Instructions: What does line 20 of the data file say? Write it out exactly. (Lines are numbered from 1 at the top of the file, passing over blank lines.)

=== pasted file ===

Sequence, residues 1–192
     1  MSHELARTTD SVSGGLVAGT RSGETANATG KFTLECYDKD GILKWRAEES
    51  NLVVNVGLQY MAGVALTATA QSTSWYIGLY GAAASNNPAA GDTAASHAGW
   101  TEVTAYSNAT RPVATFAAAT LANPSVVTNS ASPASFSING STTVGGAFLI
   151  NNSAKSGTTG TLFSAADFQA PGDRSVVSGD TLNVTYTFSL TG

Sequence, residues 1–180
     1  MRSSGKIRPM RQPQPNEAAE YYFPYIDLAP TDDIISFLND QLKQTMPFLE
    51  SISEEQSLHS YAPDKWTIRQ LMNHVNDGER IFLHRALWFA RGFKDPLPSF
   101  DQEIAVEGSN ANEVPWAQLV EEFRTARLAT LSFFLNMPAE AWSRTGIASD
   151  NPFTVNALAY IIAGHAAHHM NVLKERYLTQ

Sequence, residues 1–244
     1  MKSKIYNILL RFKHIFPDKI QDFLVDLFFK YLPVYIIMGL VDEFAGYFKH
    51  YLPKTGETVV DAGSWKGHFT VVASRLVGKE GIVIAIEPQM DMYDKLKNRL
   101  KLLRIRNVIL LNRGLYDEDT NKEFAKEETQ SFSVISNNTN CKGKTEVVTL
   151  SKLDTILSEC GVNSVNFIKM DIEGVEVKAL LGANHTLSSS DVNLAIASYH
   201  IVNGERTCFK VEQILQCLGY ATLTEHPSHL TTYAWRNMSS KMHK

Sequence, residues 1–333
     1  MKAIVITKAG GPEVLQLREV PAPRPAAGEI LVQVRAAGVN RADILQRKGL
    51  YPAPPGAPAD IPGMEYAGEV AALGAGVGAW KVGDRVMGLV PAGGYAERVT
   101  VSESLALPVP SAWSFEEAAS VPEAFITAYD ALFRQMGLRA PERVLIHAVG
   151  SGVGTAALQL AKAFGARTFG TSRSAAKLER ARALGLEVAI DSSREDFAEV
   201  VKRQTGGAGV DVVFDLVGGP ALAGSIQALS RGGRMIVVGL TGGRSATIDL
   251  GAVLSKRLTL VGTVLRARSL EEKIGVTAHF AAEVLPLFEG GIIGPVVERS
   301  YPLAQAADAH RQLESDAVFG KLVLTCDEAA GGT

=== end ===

   101  VSESLALPVP SAWSFEEAAS VPEAFITAYD ALFRQMGLRA PERVLIHAVG